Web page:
move on to artificially acquired immunity. So the same thing holds true. We have two
different types—we have passive and we have active. So let’s look at passive first. So in passive, there’s a serum containing
the antibody and you’ve been injected with it. So you’ve been injected with an antibody.
You’ve never been exposed to the antigen, but you’ve been injected. So now please
pause the video and illustrate on the diagram how you think your antibody level would change
over time if you were injected with the antibody. So your antibody level would start off high,
correct, because you’ve been injected with it. And then over time it would decrease,
okay, because again, you haven’t actually been exposed to the antigen. So you would
never make any plasma cells, you would never make your own antibodies, and you would never
make any memory cells. Then there’s the active form. Active is where you’ve actually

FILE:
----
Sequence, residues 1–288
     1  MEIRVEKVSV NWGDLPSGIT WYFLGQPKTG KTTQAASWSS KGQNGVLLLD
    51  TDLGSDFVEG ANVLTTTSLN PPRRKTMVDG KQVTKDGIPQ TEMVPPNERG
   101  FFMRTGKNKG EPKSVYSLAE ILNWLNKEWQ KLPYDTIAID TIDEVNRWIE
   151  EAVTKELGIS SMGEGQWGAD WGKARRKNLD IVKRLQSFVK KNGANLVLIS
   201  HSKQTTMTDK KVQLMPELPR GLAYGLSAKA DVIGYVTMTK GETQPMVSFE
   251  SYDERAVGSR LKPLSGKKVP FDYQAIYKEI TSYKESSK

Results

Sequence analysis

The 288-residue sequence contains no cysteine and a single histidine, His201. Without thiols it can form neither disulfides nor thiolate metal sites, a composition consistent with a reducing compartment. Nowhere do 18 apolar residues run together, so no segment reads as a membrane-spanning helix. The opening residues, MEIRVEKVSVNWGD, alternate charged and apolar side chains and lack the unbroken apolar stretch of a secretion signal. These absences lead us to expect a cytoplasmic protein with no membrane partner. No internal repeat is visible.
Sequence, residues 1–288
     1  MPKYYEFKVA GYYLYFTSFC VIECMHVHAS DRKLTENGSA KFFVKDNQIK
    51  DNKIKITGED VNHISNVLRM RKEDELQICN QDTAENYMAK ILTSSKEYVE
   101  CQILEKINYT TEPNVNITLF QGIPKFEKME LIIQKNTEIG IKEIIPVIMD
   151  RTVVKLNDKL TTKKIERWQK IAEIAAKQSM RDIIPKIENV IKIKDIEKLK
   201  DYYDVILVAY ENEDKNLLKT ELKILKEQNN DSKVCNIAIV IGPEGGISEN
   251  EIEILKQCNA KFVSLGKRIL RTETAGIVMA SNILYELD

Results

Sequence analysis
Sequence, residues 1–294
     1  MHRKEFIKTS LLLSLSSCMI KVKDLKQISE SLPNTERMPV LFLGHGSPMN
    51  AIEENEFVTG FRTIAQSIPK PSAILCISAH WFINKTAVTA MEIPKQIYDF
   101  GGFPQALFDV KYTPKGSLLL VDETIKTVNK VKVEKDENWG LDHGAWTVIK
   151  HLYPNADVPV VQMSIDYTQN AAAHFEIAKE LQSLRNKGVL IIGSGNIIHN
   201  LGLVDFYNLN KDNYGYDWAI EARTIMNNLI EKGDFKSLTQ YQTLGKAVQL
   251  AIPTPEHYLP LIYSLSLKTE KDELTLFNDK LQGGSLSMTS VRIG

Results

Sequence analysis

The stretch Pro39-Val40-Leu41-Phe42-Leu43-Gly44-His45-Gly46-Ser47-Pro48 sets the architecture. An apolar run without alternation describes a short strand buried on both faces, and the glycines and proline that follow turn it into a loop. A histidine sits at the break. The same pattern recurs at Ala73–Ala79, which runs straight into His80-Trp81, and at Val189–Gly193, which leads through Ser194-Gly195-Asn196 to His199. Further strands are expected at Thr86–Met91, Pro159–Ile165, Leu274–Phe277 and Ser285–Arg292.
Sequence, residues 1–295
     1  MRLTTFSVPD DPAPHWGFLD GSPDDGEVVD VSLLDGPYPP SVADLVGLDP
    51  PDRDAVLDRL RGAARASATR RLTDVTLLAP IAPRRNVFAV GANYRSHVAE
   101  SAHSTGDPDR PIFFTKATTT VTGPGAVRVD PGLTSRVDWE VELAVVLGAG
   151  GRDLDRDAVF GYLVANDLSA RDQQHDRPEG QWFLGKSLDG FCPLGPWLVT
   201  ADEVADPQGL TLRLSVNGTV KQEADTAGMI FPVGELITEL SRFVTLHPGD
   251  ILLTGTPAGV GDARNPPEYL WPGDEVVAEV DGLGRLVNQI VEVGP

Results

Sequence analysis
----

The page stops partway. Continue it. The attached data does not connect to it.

now been vaccinated, and you’ve been vaccinated by the nonvirulent form. What this means is this is supposed to be
the form of the antigen that does not make you sick, but it does stimulate the production
of antibodies by your body. So you’re going to man an immune response and you’re going
to make antibodies. So now indicate on the graph when the first vaccination and when
the booster was given, and then why should a booster be given. So the first vaccination
here, and then over time, we noticed that the antibody level dropped and then it went
back up. So the point at which the antibody level went back up must be where you were
given a booster. So notice how much more the antibody level increased when you gave a booster.
So it’s a very good thing to give a booster, okay? Your antibody level goes up that much
more and you produce more memory cells. Now we also have immune dysfunctions and one
of those are allergies, which a lot of us suffer from. So allergies are actually hypersensitivity
reactions. And when you have a hypersensitivity reaction, you’re going to have an increase
in immunoglobulin E. Now the most serious consequence of an allergic response is the
fact that when we have IGE antibodies being produced, that can cause your mast cells to
secrete histamine.